Shares: Health care out of the sickbed

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HEALTHCARE stocks on both sides of the Atlantic have been desperately out of favour in the past 18 months. Between January 1992 and low points in July and August of this year, Glaxo and Wellcome shares fell by 44 per cent and 52 per cent respectively.

Those are full-scale bear markets, which I believe are now over. There has already been a useful recovery in prices, with Glaxo at 700p and Wellcome at 786p, but that is nothing in the context of massivelyrising global demand for better health care. It looks an excellent time to build a portfolio of health-related stocks for sustained capital growth (and pretty good income) over the next few years.

The nine shares I would choose are Zeneca at 797p, Glaxo at 715p, Wellcome at 845p, Amersham International at 881p, nursing homes group Westminster Health Care, at 357p, Glaxo's spectacularly fast-growing Swedish rival, Astra, at pounds 15, innovative medical products concern Huntleigh Technology, at 483p, Smiths Industries, the specialist engineer whose growth and acquisitions have made the medical side the biggest contributor to just-reported profits, at 399p, and finally, for some speculative spice when dealings begin, a stake in Scotia Investments, a company with a potentially exciting pipeline of drugs based on evening primrose oil. My nap selections would be Huntleigh, Astra and Smiths Industries.

One reason for the change in sentiment towards the sector is that the sharp decline made the majors attractive on income grounds. G1axo, with a huge cash mountain, has decided it can pay out more of its earnings in dividends.

The historic yield is nearly 4 per cent and some analysts believe the dividend could climb at nearly 20 per cent for each of the next two years. Zeneca yields 4.4 per cent historically with perhaps an 8 per cent increase in prospect for the current year.

Wellcome, on a historic yield of 2.1 per cent, is hardly an income stock but Wellcome, Roche and Astra have been selected by analysts as the three large European pharmaceutical companies likely to produce the greatest growth in sales volumes in coming years. Wellcome is the world leader in the treatment of viruses in an epoch described as 'the golden age' for viruses, because of increased international travel. That will surely generate good returns for shareholders.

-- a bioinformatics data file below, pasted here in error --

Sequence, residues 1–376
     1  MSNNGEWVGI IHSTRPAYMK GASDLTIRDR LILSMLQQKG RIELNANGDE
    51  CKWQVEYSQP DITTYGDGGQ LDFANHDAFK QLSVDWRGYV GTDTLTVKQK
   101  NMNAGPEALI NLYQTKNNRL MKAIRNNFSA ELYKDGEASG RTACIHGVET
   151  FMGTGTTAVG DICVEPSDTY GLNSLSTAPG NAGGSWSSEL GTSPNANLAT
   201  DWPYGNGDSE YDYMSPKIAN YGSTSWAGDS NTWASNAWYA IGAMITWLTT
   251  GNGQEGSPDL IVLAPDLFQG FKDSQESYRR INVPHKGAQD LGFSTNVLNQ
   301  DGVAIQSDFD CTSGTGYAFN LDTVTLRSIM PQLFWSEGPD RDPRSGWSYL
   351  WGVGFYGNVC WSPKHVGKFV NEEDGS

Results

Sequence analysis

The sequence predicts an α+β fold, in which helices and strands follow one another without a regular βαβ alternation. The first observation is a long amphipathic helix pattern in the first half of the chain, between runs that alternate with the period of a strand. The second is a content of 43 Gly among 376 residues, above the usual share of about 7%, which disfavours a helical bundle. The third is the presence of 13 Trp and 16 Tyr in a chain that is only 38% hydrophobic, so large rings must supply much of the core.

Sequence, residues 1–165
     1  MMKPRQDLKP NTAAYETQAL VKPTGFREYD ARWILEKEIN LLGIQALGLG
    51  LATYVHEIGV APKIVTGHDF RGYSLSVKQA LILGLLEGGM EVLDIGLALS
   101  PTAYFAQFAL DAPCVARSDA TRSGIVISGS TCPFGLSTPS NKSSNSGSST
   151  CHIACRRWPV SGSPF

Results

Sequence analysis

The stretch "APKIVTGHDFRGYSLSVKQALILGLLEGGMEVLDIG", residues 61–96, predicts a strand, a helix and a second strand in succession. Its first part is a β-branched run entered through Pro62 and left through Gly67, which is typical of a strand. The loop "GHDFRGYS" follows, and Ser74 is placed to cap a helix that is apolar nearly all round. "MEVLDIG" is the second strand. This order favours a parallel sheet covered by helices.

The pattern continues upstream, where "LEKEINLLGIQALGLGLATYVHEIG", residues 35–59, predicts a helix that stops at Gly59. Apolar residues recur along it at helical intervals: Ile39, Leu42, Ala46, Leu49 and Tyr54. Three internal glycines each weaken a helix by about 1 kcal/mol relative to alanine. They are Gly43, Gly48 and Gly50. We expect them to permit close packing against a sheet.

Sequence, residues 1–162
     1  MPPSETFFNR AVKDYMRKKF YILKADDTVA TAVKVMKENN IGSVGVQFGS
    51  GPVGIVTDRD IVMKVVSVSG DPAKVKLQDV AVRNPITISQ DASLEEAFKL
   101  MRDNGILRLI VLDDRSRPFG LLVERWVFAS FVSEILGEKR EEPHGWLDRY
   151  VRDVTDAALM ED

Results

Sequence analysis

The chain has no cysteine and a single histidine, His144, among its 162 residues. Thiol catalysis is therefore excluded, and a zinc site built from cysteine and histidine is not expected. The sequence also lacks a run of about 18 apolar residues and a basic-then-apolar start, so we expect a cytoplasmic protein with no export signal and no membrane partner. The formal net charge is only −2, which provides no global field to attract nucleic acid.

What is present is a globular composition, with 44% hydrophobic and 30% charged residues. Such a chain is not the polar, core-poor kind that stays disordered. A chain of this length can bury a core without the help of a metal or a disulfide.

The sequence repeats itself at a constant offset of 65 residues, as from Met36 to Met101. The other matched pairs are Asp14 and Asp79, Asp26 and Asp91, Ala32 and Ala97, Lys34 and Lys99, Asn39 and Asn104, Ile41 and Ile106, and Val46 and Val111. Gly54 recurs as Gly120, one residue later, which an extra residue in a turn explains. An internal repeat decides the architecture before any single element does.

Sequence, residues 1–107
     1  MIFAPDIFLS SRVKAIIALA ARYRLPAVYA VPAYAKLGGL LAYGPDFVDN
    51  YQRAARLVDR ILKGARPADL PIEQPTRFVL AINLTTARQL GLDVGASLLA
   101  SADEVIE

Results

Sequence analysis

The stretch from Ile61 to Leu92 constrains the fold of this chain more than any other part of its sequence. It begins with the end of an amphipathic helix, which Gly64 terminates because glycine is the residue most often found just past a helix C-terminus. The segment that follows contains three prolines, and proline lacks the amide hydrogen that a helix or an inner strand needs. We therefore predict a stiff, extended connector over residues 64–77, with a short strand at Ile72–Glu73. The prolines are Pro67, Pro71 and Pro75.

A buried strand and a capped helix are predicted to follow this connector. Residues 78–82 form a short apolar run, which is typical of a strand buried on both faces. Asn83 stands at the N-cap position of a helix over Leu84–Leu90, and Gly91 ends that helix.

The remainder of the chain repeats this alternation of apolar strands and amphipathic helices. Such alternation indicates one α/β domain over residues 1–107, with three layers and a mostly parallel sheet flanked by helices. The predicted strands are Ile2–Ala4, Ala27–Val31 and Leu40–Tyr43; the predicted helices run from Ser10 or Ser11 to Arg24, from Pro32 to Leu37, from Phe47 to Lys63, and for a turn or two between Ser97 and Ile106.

Astra is a phenomenon. It has two blockbuster drugs in Losec, for treating ulcers, and Pulmicort, delivered through its proprietary turbohaler technology, for treating asthma. These drugs, and a US marketing agreement with Merck, which may become a full joint venture next year, are driving spectacular growth. Recent figures showed that in the first half of 1993 sales rose by 38 per cent and earnings rocketed by 75 per cent. That sort of progress looks set to continue with neither of these drugs near maturity. The rating is high but should come down to 20 on full-year forecasts, which is hardly demanding for a company expected to replicate in the 1990s Glaxo's meteoric growth in the 1980s.

Huntleigh Technology is tiny by comparison but also looks to have spectacular prospects. Sales and profits have soared in recent years, based on the group's ability to create and to market innovative and cost- effective products for the non- invasive treatment of bed sores, for reducing the risk of post-operative thrombosis, and for monitoring blood flow and foetal health with hand-held ultrasound equipment.

Last week the group launched a new 'intelligent' range of bed sore prevention mattresses to a show-stopping response. Earlier in the year it added a product to assist in keyhole surgery to its ultrasound range. Morale is understandably sky-high and the shares have already recovered most of a near-20 per cent dive as profit-takers moved in after the interims 'only' produced a 31 per cent increase in earnings and a 50 per cent rise in the dividend.

Smiths Industries does not quite fit in with the others in that less than half its total profits come from health care, although the division has overtaken aerospace as the major contributor. Growth has been rapid - both organically and from acquisitions. The company supplies disposables such as tubes for use in surgery and snap-on heads to prevent accidental injuries from needles.

It also has a range of capital equipment products including sophisticated electronic operating tables. It is strong in Japan and the Pacific Rim as well as in the US. The aerospace side has been held back because it has had to spend more on research at a time when demand has been depressed. In the shortrun, aerospace prospects look unexciting but a powerful recovery is expected in mid-decade as Boeing's new generation of aircraft, such as the two- engined Boeing 737, come on stream.

There is also a growing industrial division supplying equipment such as extractor fans. As a long-term investment in widely applied engineering excellence, Smiths Industries looks hard to beat.

(Photograph omitted)